The course “Explorations in the History of Psychology (Psyc 3120.606) was offered during Spring Break 2014 and provided students with cultural and intellectual experiences associated with psychology in Vienna, Austria and Prague, Czech Republic.
Vienna was the home of Sigmund Freud and where the Gestalt School of Psychology was founded. In addition, Vienna was the capital city of the Austrian-Hungarian Empire and is still consider one of the most beautiful cities in the world. One of the highlights of our trip to Vienna was a visit to the home of Freud which has been transformed into a museum. The museum consisted of his apartment and consulting room and contained many artifacts such as books, letters, and art from Freud’s personal collection. In addition to the Museum, we visited many of the cultural sites associated with Vienna including St. Stephens Cathedral, Mozart’s home, and museums such as the Natural History Museum and the Museum of Culture. On a more sober note, some of us visited places associated with what has become known as “Kristallnacht” (Crystal Night, also known as the Night of Broken Glass) which was carried out by Nazis and their many supporters in Vienna (November 9, 10, 1938). During these two days Freud’s home was also ransacked. Our hotel was in walking distance of many of the historical sites associated with Vienna. The food was also first rate as was the shopping.
After a few days in Vienna we moved to Prague. To get to Prague we took a tour bus which allowed us to learn more about the relationship between these two great cities. For example, the famous Mozart opera “Don Giovanni” was composed in his Viennese apartment but was premiered in the Estates Theatre in Prague. We also saw the Prague Astronomical Clock which was installed in 1410. This clock was the third oldest of its type and the oldest still working. Another highlight of our visit was a lecture given by Dr. Daniel Heller on the history of psychology in the Czech Republic and the history of Charles University (Universitas Carolina) – especially as it was influenced by Nazis and communists. It served as a stark reminder to all of us about the dangers of associating politics and science. We also learned that Charles University is the oldest in Eastern Europe having received its charter on April 7th, 1348. In addition to the lecture, we were treated to a “mini museum” within the department that housed some of the original equipment used in the laboratory of Wilhelm Wundt. Wundt is generally considered the founder of experimental psychology in 1879. Of special interest is the way Charles University selects their undergraduate psychology majors. Unlike the selection process in the United States, at Charles University perspective students must pass both a written and oral examination. Moreover, they select only 50 undergraduate students per year.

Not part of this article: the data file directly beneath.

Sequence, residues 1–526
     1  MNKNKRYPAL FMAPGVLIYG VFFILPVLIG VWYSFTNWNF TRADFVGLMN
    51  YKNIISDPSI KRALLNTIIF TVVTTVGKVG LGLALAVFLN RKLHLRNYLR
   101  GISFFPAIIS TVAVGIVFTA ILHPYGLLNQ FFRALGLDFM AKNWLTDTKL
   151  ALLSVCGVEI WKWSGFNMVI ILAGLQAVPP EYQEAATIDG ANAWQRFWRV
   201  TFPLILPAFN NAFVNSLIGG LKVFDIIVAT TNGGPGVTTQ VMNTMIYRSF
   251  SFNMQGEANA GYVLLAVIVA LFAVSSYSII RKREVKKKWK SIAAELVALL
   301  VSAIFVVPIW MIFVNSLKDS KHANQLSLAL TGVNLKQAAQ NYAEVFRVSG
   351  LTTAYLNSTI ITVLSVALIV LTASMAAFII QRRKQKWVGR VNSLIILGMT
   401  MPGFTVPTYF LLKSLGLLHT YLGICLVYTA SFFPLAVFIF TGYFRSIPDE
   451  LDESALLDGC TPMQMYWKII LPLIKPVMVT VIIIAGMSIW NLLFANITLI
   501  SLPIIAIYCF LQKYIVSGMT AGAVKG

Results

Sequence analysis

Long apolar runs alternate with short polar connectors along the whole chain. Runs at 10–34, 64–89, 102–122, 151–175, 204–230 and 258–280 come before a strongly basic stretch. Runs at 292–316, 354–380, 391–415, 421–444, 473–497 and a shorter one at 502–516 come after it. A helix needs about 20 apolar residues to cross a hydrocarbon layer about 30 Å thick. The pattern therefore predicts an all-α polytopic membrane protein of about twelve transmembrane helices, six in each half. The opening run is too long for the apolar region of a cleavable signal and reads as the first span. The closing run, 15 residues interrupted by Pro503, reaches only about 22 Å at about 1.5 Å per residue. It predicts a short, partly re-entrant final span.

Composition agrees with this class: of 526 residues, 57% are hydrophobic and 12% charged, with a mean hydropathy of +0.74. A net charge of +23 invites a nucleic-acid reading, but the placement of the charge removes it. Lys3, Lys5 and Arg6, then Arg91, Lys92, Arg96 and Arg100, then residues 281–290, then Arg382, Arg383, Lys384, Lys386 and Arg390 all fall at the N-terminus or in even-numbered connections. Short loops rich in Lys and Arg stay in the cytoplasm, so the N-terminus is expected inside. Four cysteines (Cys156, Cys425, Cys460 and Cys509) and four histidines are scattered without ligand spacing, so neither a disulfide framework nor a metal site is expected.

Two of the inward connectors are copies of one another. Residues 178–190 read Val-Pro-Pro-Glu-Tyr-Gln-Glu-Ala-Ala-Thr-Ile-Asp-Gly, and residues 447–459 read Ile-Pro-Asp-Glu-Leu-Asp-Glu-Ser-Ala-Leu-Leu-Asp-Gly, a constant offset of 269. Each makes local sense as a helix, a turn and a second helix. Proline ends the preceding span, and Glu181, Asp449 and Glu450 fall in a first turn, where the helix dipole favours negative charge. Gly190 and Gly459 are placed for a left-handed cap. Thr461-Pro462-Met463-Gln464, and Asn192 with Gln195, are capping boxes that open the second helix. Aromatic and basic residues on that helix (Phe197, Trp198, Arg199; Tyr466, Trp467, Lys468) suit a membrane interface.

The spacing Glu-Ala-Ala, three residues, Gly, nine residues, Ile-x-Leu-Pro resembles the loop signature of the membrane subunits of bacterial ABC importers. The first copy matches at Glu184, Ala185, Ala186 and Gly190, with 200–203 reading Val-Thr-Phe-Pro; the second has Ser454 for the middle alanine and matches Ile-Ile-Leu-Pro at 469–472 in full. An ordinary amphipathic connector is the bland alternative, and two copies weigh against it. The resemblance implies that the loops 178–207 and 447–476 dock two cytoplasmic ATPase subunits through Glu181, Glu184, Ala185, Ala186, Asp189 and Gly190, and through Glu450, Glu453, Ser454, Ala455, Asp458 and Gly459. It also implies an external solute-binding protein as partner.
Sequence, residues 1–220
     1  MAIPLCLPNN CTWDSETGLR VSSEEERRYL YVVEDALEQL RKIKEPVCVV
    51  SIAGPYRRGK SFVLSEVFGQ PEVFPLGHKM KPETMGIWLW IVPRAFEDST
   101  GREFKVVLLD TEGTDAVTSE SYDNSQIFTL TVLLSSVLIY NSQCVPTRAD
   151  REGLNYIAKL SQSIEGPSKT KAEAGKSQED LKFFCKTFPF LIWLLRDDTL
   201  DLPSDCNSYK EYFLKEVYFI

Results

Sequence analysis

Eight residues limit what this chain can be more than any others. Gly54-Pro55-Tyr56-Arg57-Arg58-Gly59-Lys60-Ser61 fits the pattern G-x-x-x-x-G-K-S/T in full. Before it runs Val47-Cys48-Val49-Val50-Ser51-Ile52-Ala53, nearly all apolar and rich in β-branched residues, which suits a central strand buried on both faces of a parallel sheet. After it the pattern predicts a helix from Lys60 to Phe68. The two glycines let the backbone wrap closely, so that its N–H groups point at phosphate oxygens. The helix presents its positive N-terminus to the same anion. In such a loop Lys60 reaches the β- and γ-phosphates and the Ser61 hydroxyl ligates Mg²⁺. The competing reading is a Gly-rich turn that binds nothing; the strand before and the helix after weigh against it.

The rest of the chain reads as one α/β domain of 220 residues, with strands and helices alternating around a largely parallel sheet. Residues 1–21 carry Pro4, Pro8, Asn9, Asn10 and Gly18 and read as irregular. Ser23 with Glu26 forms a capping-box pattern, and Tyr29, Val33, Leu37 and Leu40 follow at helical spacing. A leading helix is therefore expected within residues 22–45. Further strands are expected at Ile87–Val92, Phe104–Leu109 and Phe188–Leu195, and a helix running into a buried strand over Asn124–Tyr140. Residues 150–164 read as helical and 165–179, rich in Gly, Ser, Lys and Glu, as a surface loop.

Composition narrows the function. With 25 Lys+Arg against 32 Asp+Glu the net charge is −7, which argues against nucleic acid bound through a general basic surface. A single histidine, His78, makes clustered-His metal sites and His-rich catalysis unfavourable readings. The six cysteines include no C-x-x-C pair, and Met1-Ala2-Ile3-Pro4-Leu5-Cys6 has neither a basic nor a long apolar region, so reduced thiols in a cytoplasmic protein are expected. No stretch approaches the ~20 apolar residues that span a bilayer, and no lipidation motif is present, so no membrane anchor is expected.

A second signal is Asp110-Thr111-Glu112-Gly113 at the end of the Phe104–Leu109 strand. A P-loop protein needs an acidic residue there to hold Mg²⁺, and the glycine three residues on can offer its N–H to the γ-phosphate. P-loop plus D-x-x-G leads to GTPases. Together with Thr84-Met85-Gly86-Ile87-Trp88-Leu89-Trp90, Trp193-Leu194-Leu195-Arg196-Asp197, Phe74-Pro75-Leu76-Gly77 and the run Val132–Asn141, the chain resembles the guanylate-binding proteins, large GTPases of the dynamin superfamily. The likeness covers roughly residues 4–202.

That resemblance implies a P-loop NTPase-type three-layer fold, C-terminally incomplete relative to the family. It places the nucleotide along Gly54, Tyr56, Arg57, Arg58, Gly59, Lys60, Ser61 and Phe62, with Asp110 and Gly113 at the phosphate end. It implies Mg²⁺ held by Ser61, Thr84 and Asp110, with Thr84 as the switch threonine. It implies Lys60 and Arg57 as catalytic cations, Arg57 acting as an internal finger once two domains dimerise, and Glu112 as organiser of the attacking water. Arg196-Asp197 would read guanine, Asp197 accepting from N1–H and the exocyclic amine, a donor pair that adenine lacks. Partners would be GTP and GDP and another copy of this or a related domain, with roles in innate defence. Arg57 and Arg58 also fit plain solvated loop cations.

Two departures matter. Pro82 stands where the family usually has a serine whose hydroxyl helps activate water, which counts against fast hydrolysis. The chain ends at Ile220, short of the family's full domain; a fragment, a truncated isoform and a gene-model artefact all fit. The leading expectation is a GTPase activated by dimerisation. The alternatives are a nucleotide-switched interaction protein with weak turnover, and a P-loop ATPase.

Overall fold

Prior to our trip to Europe, we met on a regular basis to learn about the history of psychology, to share articles, and to plan our trip. For example, Dr. Abramson was familiar with the work of Dr. Jiri Hoskovec on the history of psychology in the Czech Republic but he died in 2011. Luckily, his daughter – Dr. Simona Hoskovcova – arranged our program and the meeting with Dr. Heller.
Our next trip is planned for Russia where we will visit many places of historical interest – especially the home of the conditioned reflex! If you have any questions please feel free to contact Dr. Abramson or Ms. Daggy.